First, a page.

There is a strong trend toward publishing scientific findings in open access journals, where the results are then freely available for other scientists or decision-makers rather than locked behind paywalls. Yet, there is no oversight of these journals, so “predatory publishing” has become a problem. A newly launched tool developed in part by UW researchers shows that open-access journals’ fees do not correlate particularly strongly with their influence, as measured by a citation-based index. Check out the visualization tool, and other resources available from Eigenfactor.org, which is based out of the UW Biology department.
Dr. Robert T. Paine, pre-eminent UW ecologist who developed the concept of the keystone species, was one himself, with a powerful effect on the field of ecology that has extended far beyond his own impressive work. Check out this story about the Paine “lineage” and how it has facilitated key perspectives on ecology, academia, and the role of science in policymaking.
Researchers from the Carsey Institute and the National Oceanic and Atmospheric Administration (NOAA) Fisheries sought to understand how residents of the Puget Sound region of Washington view social and environmental change in the area and engage stakeholders in a discussion of restoration options. Read about their findings and what’s important to citizens.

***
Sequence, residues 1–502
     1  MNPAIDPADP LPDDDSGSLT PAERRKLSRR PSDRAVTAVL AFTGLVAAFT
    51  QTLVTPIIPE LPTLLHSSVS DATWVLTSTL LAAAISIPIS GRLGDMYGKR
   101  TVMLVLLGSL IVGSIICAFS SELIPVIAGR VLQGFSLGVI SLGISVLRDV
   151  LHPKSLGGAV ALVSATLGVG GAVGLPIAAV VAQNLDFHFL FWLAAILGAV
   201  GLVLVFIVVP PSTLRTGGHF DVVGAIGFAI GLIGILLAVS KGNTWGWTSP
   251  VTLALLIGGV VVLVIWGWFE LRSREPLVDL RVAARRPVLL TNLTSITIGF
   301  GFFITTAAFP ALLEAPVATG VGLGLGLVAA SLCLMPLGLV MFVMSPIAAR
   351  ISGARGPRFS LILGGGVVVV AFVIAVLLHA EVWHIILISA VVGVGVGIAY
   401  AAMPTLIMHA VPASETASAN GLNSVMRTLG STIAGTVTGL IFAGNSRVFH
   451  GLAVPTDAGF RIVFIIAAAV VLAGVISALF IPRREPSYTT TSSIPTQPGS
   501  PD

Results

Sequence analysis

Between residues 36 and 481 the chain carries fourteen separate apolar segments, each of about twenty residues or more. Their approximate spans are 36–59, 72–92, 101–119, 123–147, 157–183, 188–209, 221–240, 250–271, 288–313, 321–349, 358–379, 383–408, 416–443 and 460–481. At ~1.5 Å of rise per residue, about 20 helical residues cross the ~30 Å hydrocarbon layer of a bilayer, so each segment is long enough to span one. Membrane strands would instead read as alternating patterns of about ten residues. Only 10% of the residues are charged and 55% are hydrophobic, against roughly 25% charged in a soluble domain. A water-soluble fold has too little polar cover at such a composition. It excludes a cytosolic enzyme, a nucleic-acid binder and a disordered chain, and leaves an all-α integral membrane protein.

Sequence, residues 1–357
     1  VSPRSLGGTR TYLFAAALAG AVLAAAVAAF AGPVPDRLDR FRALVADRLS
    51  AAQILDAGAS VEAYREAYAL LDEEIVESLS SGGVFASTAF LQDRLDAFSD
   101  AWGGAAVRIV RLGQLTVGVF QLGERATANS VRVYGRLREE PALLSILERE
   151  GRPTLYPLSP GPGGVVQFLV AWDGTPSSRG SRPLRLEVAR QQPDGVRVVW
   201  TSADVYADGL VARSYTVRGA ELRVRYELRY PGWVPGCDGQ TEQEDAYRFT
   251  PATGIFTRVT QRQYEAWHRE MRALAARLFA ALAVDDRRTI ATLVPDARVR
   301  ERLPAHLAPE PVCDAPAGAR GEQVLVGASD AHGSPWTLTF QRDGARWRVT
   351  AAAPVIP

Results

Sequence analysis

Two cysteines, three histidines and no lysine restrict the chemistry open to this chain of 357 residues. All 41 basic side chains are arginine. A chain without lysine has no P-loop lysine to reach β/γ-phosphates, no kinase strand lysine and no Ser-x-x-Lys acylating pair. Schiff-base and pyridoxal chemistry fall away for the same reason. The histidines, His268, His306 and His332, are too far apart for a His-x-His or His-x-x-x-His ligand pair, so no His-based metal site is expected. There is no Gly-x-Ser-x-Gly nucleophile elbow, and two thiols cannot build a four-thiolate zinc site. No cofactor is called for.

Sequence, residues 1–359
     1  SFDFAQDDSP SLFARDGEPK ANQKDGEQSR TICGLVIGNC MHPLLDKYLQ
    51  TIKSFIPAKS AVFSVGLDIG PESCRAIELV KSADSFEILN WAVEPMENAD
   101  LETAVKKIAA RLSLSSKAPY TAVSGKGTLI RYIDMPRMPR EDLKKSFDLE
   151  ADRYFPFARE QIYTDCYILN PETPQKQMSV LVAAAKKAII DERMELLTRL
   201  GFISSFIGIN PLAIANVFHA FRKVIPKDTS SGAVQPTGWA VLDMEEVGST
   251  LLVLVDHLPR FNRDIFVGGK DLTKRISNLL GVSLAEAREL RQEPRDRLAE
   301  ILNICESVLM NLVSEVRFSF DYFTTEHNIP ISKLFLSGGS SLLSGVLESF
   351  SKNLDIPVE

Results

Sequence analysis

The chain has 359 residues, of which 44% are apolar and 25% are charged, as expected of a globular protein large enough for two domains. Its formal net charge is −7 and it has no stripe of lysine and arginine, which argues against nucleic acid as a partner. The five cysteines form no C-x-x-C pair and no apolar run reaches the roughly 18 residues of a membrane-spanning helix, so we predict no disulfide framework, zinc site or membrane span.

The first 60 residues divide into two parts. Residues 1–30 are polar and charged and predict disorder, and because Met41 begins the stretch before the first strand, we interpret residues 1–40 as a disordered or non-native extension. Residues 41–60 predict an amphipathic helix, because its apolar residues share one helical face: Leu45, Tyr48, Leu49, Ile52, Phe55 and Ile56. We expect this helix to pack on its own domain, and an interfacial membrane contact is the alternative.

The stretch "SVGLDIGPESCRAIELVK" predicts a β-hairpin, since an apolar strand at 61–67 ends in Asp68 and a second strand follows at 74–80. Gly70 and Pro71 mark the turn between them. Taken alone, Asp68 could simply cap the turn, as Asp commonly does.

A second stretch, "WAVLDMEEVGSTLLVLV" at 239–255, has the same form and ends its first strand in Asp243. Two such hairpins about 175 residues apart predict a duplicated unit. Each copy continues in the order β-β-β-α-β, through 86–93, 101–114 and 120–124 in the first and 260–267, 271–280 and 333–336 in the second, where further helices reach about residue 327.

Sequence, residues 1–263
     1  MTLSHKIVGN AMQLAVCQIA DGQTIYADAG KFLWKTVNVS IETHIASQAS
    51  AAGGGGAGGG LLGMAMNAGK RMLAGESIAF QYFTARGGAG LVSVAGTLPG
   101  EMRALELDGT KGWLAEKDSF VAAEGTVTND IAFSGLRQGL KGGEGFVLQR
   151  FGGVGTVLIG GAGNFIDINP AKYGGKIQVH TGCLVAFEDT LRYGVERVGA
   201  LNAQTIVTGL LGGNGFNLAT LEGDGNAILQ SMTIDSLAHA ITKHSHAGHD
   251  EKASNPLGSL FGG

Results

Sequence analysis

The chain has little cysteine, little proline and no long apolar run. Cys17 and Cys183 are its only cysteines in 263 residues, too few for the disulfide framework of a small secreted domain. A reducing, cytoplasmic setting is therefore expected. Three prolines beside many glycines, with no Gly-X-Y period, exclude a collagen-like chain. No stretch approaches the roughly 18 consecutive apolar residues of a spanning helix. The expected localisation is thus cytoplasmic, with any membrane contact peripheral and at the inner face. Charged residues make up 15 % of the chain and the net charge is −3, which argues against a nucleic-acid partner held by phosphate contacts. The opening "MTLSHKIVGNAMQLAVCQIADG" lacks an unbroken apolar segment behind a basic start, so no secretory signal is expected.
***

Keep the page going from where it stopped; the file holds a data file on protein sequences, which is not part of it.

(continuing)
A surprising number of microorganisms – 99 percent more kinds than had been reported in findings published just four months ago – are leaping the biggest gap on the planet. Hitching rides in the upper troposphere, they’re making their way from Asia across the Pacific Ocean and landing in North America. Read more about this research and its implications for aerobiology.
Moths are able to enjoy a pollinator’s buffet of flowers — in spite of being among the insect world’s picky eaters — because of two distinct “channels” in their brains, scientists at the University of Washington and University of Arizona have discovered. Read more about these research findings here.
Researchers have discovered what may be the earliest dinosaur, a creature the size of a Labrador retriever, but with a five foot-long tail, that walked the Earth about 10 million years before more familiar dinosaurs like the small, swift-footed Eoraptor and Herrerasaurus. UW Biology post-doc Sterling Nesbitt led the study – read more here.
Addendum: check out the great UW News Story about Armbrust’s award here!
The Gordon and Betty Moore Foundation announced Ginger Armbrust as one of its new Marine Microbiology Initiative investigators, which provides 16 scientists from 14 different institutions a total of up to $35 million over five years to pursue pioneering research in the field of marine microbial ecology. The funding will enable researchers to explore how the trillions upon trillions of microscopic organisms at the base of the ocean’s food webs interact with each other and their environment. It will help scientists understand how the ocean’s most abundant yet smallest organisms affect the movement of nutrients in our oceans. The funding will also provide new insights—and lead to new and exciting questions—about our basic understanding of ocean ecosystems and pressing issues like climate change.